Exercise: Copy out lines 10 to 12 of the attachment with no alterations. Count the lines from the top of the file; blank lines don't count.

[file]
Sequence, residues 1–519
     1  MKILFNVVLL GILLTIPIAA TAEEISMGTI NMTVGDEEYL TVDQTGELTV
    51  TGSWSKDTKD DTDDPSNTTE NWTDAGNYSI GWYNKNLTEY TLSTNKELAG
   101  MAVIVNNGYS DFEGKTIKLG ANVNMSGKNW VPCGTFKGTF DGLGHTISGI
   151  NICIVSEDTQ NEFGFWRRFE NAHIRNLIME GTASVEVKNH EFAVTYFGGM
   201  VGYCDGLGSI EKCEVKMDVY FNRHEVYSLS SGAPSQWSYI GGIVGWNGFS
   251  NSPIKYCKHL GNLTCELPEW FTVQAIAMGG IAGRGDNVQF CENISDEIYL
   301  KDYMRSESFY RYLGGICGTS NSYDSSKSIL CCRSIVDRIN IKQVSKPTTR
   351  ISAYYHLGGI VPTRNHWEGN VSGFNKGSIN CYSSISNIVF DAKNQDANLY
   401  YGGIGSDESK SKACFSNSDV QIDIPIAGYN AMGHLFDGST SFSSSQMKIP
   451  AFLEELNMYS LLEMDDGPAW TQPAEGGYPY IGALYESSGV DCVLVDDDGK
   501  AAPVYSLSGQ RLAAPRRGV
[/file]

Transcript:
   401  YGGIGSDESK SKACFSNSDV QIDIPIAGYN AMGHLFDGST SFSSSQMKIP
   451  AFLEELNMYS LLEMDDGPAW TQPAEGGYPY IGALYESSGV DCVLVDDDGK
   501  AAPVYSLSGQ RLAAPRRGV